MotoGP: Yamaha Tech 3’s Zarco grabs Pole in Qatar beating 10 year lap record
A lot has changed in the ten years since Jorge Lorenzo set the world alight on his premier class debut, but the Qatar pole lap record hadn’t. Set by the Majorcan in 2008, the Losail laptime remained steadfast in the record books for a decade and was the oldest of its kind until Saturday of the 2018 Qatar GP and a scorcher from Johann Zarco (Monster Yamaha Tech 3). The Frenchman, now heading into his second season, marked his return to the venue at which he first led a premier class race in serious style – uncatchable ahead of Marc Marquez (Repsol Honda Team) to set a 1:53.680. So the reigning Champion starts his title defence from two tenths behind in second, and top Ducati Danilo Petrucci (Alma Pramac Racing) completes the front row and the trio of those who broke the record.
With strong winds throughout the day and the track temperature cooling as night fell for qualifying, the session revealed another piece in the puzzle of the first race of the year. Behind the top three, Cal Crutchlow (LCR Honda Castrol) was next up heading the second row to make it 75% Independent Team riders in the top four, with Andrea Dovizioso (Ducati Team) – the man on provisional pole after the first run – taking the middle of Row 2. But Marquez says the 2017 Championship runner up has the best race pace – something that will be revealed on Sunday.
Alex Rins (Team Suzuki Ecstar), meanwhile, kept his great pace at Losail rolling for his best ever qualifying position to lock out the second row, after Suzuki mounted the biggest challenge to Ducati on Friday.
Dani Pedrosa (Repsol Honda Team) heads up an all-star Row 3 with some serious potential for fireworks, with 17 World Championships crammed into three grid places as the Spaniard heads Movistar Yamaha MotoGP’s Valentino Rossi and Ducati Team’s Jorge Lorenzo. Lorenzo, who suffered some technical trouble in FP4, says he is out of position – and Rossi says the battle at the front could be more than ten riders. And Lorenzo, as well as being the previous pole record holder, is also the most successful rider at Losail across all classes – but Rossi beats him in the premier class with four to Lorenzo’s three wins.
Jack Miller (Alma Pramac Racing) completed the top ten after moving through Q1, with Andrea Iannone (Team Suzuki Ecstar) two tenths back in P11 to make it more than ten riders within a second of pole. Meanwhile, 2017 polesitter and winner Maverick Viñales (Movistar Yamaha MotoGP) lines up in P12 – but also showed incredible consistency on a long run in FP4…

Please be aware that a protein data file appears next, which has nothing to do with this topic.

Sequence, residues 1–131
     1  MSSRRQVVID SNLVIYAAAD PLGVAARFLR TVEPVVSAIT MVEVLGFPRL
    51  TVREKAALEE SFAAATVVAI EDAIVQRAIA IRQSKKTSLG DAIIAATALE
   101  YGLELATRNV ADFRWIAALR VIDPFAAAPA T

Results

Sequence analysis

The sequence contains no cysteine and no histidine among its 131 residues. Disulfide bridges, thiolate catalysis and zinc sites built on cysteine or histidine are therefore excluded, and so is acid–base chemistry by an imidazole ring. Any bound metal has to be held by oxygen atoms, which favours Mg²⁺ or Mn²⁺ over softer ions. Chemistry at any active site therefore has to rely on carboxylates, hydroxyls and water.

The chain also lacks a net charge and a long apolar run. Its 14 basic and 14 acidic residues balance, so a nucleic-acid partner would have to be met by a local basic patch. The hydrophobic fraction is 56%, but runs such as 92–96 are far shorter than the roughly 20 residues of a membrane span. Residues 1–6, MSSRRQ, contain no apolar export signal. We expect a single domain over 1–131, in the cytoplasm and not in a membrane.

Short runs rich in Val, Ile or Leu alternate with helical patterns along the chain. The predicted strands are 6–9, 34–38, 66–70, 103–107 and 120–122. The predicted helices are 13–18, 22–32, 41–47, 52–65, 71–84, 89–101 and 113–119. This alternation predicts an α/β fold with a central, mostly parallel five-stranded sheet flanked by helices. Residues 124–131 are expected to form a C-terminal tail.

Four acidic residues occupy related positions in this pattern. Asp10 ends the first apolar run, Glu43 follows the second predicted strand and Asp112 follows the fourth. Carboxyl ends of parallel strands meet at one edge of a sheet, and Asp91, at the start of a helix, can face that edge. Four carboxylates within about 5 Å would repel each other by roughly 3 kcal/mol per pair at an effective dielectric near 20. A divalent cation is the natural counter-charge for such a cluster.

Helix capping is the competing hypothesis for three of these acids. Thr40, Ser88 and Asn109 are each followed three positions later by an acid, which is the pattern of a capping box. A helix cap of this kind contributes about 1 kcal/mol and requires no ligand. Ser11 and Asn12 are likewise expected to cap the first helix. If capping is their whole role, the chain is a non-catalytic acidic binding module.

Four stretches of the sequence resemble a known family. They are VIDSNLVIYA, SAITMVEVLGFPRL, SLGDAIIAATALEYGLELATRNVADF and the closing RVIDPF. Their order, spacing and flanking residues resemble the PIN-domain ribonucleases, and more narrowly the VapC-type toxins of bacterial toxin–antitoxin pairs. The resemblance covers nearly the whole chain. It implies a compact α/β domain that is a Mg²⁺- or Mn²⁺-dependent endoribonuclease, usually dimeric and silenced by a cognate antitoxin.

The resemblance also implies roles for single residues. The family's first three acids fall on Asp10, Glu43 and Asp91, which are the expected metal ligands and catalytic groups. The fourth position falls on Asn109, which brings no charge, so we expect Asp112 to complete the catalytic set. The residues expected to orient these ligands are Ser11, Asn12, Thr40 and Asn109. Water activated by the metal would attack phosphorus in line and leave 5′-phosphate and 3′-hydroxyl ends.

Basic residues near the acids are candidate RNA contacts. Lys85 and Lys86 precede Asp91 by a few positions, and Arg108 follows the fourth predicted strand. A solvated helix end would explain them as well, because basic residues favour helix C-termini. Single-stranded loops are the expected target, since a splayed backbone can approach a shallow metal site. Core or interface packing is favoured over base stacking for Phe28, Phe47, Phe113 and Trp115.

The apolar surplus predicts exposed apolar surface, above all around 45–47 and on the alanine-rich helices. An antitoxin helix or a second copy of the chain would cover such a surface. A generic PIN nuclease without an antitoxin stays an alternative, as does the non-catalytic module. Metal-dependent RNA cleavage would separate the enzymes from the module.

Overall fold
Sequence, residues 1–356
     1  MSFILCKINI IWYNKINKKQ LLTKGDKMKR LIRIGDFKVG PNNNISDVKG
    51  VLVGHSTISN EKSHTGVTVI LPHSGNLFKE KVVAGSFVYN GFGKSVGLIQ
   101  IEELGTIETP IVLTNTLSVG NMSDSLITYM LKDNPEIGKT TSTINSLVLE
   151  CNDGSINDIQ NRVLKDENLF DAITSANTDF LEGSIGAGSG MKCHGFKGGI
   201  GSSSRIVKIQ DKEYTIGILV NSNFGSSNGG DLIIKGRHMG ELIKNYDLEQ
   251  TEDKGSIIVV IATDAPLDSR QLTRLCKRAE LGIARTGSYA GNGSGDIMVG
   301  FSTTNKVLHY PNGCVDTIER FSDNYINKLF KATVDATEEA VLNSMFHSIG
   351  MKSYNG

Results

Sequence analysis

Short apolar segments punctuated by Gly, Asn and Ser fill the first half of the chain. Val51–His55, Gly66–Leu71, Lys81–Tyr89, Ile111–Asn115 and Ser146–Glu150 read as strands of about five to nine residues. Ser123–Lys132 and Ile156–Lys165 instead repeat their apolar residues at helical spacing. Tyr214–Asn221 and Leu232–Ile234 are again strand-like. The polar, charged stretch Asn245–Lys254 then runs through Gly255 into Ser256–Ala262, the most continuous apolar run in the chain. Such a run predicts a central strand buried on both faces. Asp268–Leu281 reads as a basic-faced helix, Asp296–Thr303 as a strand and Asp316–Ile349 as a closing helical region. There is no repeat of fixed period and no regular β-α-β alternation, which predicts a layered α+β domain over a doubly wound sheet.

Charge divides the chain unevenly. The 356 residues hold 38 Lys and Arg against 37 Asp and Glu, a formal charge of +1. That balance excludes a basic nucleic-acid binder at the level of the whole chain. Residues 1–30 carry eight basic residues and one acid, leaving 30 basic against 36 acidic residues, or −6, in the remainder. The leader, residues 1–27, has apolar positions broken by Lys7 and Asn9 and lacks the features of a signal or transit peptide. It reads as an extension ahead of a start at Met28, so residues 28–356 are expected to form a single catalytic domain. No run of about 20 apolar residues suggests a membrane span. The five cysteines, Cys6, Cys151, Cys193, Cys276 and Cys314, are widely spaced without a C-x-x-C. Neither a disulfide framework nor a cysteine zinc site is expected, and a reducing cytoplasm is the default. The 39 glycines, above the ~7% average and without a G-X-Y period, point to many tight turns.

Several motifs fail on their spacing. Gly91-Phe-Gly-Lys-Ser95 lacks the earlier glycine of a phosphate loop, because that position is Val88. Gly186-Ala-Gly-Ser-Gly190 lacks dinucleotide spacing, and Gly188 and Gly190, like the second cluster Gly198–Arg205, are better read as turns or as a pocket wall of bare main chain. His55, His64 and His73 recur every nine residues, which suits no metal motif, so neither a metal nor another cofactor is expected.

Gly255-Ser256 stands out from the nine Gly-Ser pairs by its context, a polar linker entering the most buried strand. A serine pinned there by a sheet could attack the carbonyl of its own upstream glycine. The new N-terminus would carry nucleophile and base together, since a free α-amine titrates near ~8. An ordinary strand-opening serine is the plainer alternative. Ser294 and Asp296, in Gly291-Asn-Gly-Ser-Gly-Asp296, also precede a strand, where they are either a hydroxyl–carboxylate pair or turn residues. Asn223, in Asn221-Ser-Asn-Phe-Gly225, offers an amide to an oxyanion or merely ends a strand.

Valentino Rossi expects to fight it out for the #QatarGP with more than ten riders and Losail always serves up a desert storm. Don’t miss the 2018 season opener, with the lights going out at 19:00 local time (GMT +3) as the battle well and truly commences.
Johan Zarco – “I’m really happy, it’s truly the best way to start the season. I had a crash in FP4. I came away with no harm, but it’s not funny to be down before the qualifying. Anyway, I knew that with new tyre and light bike, I feel good and since this morning, I got back my feeling, that I had during the test here. Beating the lap record makes me really proud. Tomorrow is the main day. I want to try to win, try to be on the podium. It looks like my pace over the distance is not the best one, but at least starting from pole is the best chance to catch a good result.”
Marc Marquez – I’m really happy with the result as we’ve worked a lot during the pre-season and we worked a lot here, a track that, together with Sepang, is probably the least favourable circuit to me. Today was the first real “time attack” and we were there, and now we are on the front row. Adding to the satisfaction is the fact that normally we struggle quite a lot here. But our target was the front row, we got it and it feels like a pole! Johann rode amazingly; he was one step ahead of us. Anyway, the race will be tough and long, but we’ll try to be consistent and to manage the laps in the best way possible.
Dani Pedrosa– We’re of course not 100 percent satisfied with the result but we’re not unhappy either. Conditions were not what we were expecting and this is not the perfect track for me. Even more, qualifying is generally tough here. The positive thing is that we were able to improve the bike’s setup a little during FP4. Now we have to see what the conditions will be like tomorrow because they change every day at this track, and even session by session, because of the wind and the sand. I think the tyre choice will be the key to the race, as well as the start of course. Seventh place in qualifying means that we have to start well, battle well in the lead group, and find our rhythm.